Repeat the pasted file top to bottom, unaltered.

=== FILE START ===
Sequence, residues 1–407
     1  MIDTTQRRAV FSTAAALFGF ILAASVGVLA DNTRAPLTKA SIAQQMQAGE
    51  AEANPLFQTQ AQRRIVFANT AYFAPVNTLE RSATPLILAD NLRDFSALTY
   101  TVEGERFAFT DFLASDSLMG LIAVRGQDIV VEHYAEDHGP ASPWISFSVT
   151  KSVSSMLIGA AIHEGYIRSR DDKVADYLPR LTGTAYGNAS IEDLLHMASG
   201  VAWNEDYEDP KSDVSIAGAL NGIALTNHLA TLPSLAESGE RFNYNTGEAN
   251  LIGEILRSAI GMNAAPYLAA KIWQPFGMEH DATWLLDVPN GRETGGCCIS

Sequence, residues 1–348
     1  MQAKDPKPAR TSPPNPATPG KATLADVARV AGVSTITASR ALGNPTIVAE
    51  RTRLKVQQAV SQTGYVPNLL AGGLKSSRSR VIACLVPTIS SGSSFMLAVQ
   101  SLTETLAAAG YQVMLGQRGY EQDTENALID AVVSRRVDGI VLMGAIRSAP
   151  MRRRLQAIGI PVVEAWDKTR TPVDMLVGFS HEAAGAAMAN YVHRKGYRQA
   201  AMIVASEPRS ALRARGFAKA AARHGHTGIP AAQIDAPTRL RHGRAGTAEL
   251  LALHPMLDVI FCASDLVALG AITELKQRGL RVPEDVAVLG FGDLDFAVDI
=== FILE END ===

Sequence, residues 1–407
     1  MIDTTQRRAV FSTAAALFGF ILAASVGVLA DNTRAPLTKA SIAQQMQAGE
    51  AEANPLFQTQ AQRRIVFANT AYFAPVNTLE RSATPLILAD NLRDFSALTY
   101  TVEGERFAFT DFLASDSLMG LIAVRGQDIV VEHYAEDHGP ASPWISFSVT
   151  KSVSSMLIGA AIHEGYIRSR DDKVADYLPR LTGTAYGNAS IEDLLHMASG
   201  VAWNEDYEDP KSDVSIAGAL NGIALTNHLA TLPSLAESGE RFNYNTGEAN
   251  LIGEILRSAI GMNAAPYLAA KIWQPFGMEH DATWLLDVPN GRETGGCCIS

Sequence, residues 1–348
     1  MQAKDPKPAR TSPPNPATPG KATLADVARV AGVSTITASR ALGNPTIVAE
    51  RTRLKVQQAV SQTGYVPNLL AGGLKSSRSR VIACLVPTIS SGSSFMLAVQ
   101  SLTETLAAAG YQVMLGQRGY EQDTENALID AVVSRRVDGI VLMGAIRSAP
   151  MRRRLQAIGI PVVEAWDKTR TPVDMLVGFS HEAAGAAMAN YVHRKGYRQA
   201  AMIVASEPRS ALRARGFAKA AARHGHTGIP AAQIDAPTRL RHGRAGTAEL
   251  LALHPMLDVI FCASDLVALG AITELKQRGL RVPEDVAVLG FGDLDFAVDI